Announcement

Collapse
No announcement yet.

Listing of player autobiographies/biographies

Collapse
X
  • Filter
  • Time
  • Show
Clear All
new posts

  • Listing of player autobiographies/biographies

    Let's start a list of autoboigraphies/biographies of players. This would help folks here when they are looking for good books to read. After a while I'll collate the book titles into an easy to read list. Please list the title, author, year published and weblink (if possible)

    Honus Wagner
    1. Honus Wagner, A Biography by Dennis DeValeria, Jeanne Burke DeValeria (1998)
    http://www.amazon.com/exec/obidos/tg...glance&s=books

    2. Honus Wagner: The Life of Baseball's "Flying Dutchman" by Arthur D. Hittner (2003)

    http://www.amazon.com/exec/obidos/tg...glance&s=books



    Rogers Hornsby
    1. Rogers Hornsby: A Biography by Charles C. Alexander (1996)

    http://www.amazon.com/exec/obidos/tg...glance&s=books

    2. Rogers Hornsby : A Biography (Baseball's All-Time Greatest Hitters) by Jonathan D'Amore (2004)

    http://www.amazon.com/exec/obidos/tg...glance&s=books

    3. My war with baseball by Rogers Hornsby (1962)

  • Toledo Inquisition
    replied
    First time I've ever seen this thread - wow! Thanks for all the work everyone put in, especially dgarza!

    I'll mention some newer ones off the top of my head:


    In Cobb's Shadow: The Hall of Famer Careers of Sam Crawford, Harry Heilmann and Heinie Manush by Dan D'Addona

    Sam Rice: A Biography of the Washington Senators Hall of Famer by Jeff Carroll

    Ken Williams: A Slugger in Ruth's Shadow by Dave Heller (of our own forum)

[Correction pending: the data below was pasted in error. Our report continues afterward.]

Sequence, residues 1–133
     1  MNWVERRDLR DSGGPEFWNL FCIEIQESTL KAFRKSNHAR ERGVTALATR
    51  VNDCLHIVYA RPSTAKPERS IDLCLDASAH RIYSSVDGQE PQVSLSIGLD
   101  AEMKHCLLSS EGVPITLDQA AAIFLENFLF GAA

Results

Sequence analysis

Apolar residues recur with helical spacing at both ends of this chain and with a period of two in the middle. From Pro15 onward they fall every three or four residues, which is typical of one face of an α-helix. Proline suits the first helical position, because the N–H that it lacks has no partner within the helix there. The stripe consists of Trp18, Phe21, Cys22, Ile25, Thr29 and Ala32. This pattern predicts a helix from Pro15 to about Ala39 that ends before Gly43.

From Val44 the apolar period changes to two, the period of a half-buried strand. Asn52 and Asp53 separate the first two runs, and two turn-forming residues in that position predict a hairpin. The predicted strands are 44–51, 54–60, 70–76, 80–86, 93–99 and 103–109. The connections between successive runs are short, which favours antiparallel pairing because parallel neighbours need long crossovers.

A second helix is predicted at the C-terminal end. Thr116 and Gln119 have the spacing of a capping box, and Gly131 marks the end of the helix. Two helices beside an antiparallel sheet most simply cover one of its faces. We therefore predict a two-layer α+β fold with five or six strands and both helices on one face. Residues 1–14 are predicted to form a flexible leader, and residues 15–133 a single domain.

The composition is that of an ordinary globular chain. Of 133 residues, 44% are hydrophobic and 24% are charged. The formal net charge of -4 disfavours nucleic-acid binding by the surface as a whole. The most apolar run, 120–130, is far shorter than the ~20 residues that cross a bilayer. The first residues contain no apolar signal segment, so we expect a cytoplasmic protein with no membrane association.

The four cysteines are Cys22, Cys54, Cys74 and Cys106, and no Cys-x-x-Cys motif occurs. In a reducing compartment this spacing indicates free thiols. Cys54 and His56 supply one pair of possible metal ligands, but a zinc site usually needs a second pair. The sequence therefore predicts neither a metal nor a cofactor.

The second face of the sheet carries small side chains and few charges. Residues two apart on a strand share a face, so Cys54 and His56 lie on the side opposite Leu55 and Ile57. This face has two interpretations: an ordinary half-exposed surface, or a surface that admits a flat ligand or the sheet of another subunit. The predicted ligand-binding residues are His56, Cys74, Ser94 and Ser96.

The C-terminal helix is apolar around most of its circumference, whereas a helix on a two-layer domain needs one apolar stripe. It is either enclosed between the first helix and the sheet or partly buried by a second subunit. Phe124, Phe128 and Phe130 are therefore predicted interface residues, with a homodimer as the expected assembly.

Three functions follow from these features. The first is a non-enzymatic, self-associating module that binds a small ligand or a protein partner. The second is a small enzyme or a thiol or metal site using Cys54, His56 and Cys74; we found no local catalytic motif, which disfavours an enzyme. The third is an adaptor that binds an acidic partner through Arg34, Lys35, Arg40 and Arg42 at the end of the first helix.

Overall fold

Bucketfoot Al: The Baseball Life of Al Simmons by Clifton Blue Parker

    Leave a comment:


  • TonyK
    replied
    "Young John McGraw Of Truxton" by yours truly. The focus is on his teenage years on his local town team. There are some corrections to his previous biographies. Available thru Amazon.

    Leave a comment:


  • michaelramm
    replied
    The Last Hero: A Life of Henry Aaron
    Howard Bryant
    2010

    I started reading this on Sunday night and I could not put it down. It is an amazing bio of one of my favorite players in MLB history. I have gotten through about 100 pgs and learned so much about Aaron.

    I really like that there is not chapter on chapter about his childhood. I know that it is important to setting up the life of the man, but there is 2 chapters that deal with him growing up in Mobile, then Chapter 3 starts his BRIEF Negro League stint (I did not know that he played in the Negro Leagues.) and his assignment to the Minor leagues when the Milwaukee Braves bought him for $10,000.

    It really sickens me that black players were treated the way that they were in the 30s, 40s, 50s and 60s. Bryant tells of how the black players stayed in the houses of black host families while the white players were put up in nice hotels during the season. Bryant also tells of some of the sympathetic white players that would try to help out the black players and be ostracized by the rest of the team for it.

    I can already tell that this is going to be one of the best bios that I have ever read. I know that Aaron help contribute to the book, but only after Barry Bonds passed his 755 HR mark. Aaron is very concerned about his status in the world. He feels (probably rightly so) that people just want him to relive the glory days. He does not want that to be his place in life.

    I will post other little tidbits in this post that I find interesting throughout the book.

    Tidbit #1: Henry Aaron does not like the name 'Hank' and usually does not respond to it. Only two people called him 'Hank' before he started getting famous. One was a childhood friend from Mobile and the other was Dusty Baker.